We talked about the score needing a certain organic quality to it and a certain amount of intimacy in places. What’s the sound of looking at the world from the perspective of a very sheltered, curious kid trying to take in this strange world? At first, we were able to focus mainly on the sound of Gus and his experience of the world, just because of what happens in the pilot. But, then there is also the threat of the outside world; the darkness of humankind. At the end of the pilot, we’re introduced to another central character, Big Man. The pilot is more like a prelude to the rest of the season that then plays more like a road adventure with all these different story lines. So, the scope clearly needed to expand when we got into episode two. We thought about ways music could help connect the different story threads and what type of sounds would work for each story line. How could we have these tender and intimate moments, but also make the turns to some really horrific stuff and then keep it under the same roof. How could music work with the narration was another question.
When Gus does head out into the world, Jim talked about the collision of wonder and threat. Gus has been sheltered and is very curious and excited about this outside world he’s seeing for the first time. But, there is also potentially a threat lurking around every corner. There is also the threat to humans of this deadly virus and what crops up in the absence of civilized society. We talked about having a sort of military and industrial sound for Abbott and The Last Men. What were some common threads we could find between different storylines or characters to help link things a little more. The role of family in the various storylines was another topic of discussion.
Over the years our projects have expanded in scope. This was sort of a natural expansion in a way, but it is a bigger scope than we had done before. And the fairy tale aspect and unusual things like the hybrids were all great stuff to think about. I thought the hybrids needed to be organic sounding, but also maybe a little futuristic and even a little exotic. Then there’s the Animal Army. We wanted them to have a tribal aspect, but also a little other-worldly. Then Singh and his wife have to hide her illness from their suspicious suburban neighbors who are actually extremely barbaric. And Singh is stuck in this moral dilemma about engaging in morally questionable research, but necessary work to save his wife. Singh and Rani are also the least fairy tale-ish storyline, more like pretending to live life like before the virus destroys society. There was just a ton of great stuff to think about.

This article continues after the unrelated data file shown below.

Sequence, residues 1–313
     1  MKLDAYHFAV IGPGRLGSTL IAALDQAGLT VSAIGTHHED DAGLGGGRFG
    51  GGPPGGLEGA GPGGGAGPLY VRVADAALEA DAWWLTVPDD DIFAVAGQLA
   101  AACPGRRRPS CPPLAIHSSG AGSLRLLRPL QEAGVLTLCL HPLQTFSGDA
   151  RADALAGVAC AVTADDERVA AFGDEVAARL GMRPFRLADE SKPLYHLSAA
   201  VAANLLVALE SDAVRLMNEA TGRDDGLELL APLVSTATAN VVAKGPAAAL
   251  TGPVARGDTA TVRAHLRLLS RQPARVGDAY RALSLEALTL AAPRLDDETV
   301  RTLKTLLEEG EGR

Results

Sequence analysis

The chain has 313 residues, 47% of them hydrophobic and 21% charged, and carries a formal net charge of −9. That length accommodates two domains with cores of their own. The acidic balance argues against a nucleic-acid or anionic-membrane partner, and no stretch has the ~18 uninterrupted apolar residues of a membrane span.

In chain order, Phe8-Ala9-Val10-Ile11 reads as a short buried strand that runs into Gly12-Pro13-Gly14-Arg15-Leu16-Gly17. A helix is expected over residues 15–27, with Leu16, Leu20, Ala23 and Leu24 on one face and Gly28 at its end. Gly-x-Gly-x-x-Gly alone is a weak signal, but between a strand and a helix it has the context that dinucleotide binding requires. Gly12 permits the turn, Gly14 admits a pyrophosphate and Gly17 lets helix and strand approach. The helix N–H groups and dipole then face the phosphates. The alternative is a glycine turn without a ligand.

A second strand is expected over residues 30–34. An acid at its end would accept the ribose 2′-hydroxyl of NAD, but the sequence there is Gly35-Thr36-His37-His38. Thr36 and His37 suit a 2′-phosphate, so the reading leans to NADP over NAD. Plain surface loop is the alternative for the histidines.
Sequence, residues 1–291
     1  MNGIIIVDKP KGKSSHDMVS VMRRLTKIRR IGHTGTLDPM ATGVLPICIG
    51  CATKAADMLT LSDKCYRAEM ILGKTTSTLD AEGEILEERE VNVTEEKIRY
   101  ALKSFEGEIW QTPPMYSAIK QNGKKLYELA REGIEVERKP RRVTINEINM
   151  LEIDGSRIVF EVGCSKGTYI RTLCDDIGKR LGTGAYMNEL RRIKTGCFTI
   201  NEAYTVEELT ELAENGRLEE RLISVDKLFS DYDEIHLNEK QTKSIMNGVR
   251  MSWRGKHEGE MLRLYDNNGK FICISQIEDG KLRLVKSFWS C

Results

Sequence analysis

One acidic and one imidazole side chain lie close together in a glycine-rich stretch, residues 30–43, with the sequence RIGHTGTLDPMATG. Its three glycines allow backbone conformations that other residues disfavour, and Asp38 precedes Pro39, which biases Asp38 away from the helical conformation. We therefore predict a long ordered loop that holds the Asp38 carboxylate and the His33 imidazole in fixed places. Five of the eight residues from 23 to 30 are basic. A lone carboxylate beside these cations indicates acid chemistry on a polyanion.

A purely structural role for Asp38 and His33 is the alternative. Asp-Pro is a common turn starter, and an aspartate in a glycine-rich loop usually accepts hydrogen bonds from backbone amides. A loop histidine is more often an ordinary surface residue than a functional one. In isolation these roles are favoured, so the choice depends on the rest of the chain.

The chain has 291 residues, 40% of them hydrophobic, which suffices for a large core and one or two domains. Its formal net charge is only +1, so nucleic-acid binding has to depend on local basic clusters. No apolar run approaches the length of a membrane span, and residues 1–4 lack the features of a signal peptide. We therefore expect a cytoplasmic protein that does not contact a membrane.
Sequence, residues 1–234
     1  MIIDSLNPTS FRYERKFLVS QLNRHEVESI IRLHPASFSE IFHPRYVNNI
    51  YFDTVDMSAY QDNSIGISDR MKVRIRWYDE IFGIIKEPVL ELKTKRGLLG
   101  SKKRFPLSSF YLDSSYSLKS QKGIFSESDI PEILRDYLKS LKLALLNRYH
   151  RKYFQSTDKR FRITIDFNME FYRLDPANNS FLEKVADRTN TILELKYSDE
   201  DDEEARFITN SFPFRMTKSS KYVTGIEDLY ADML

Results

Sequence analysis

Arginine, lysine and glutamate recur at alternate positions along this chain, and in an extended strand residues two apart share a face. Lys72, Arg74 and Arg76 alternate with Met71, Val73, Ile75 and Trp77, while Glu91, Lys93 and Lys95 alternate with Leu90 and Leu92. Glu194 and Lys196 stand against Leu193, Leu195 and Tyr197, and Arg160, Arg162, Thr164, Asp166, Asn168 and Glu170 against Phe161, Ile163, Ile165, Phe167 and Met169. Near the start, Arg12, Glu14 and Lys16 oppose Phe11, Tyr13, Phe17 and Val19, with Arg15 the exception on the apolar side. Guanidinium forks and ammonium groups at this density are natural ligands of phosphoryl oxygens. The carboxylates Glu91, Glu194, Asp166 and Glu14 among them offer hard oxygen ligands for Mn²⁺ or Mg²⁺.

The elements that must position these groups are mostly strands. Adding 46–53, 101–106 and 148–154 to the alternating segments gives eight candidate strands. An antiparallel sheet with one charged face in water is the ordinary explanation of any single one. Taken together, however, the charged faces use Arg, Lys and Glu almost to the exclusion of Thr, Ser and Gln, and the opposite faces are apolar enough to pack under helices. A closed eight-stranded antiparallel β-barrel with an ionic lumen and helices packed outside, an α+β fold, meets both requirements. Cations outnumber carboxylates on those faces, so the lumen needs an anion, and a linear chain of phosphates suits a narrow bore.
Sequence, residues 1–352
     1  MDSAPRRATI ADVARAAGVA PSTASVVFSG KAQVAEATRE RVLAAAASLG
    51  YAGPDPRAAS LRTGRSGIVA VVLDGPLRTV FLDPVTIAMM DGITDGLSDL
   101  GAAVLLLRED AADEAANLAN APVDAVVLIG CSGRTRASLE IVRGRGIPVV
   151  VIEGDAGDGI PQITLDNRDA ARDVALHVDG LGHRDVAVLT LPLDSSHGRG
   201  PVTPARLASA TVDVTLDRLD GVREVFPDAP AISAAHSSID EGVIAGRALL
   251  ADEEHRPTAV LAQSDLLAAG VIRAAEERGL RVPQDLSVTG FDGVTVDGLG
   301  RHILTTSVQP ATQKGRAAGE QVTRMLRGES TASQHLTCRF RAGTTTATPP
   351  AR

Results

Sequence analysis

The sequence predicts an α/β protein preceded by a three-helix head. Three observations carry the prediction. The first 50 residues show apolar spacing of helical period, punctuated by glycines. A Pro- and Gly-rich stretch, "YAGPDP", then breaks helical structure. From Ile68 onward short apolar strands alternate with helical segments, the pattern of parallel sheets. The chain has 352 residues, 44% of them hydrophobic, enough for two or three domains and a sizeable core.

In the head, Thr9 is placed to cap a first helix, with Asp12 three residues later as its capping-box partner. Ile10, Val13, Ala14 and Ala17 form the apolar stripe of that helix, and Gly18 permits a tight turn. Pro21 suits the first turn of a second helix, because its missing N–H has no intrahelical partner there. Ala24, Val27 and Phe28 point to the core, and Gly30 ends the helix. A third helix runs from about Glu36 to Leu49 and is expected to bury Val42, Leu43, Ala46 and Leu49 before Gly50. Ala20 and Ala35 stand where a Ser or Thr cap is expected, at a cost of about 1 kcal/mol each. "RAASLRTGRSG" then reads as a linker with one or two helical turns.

Have you given any thought as to how your music will continue in a second season, should it get the green light?
I’d be really excited to do a second season, or more – there’s so much great material in the novels. If the first season is basically a road journey, the second season would at least start with a few very big differences. They’re not on the road anymore, so what would that sound like? What would Gus’ new predicament sound like? Singh can’t hem and haw anymore – he’s got to start showing some results, even if it involves employing those extremely morally dubious tactics. The internal struggle we saw with him in season one will have to go a lot further, especially after he meets Gus. It would be fun to explore Gus interacting with other hybrids, maybe coming into some of his own, but it’s in a tough situation. That will be challenging. Big Man and Amy trying to bust their kids out. The origins story will no doubt get explored further. There’s a lot to looking forward to there.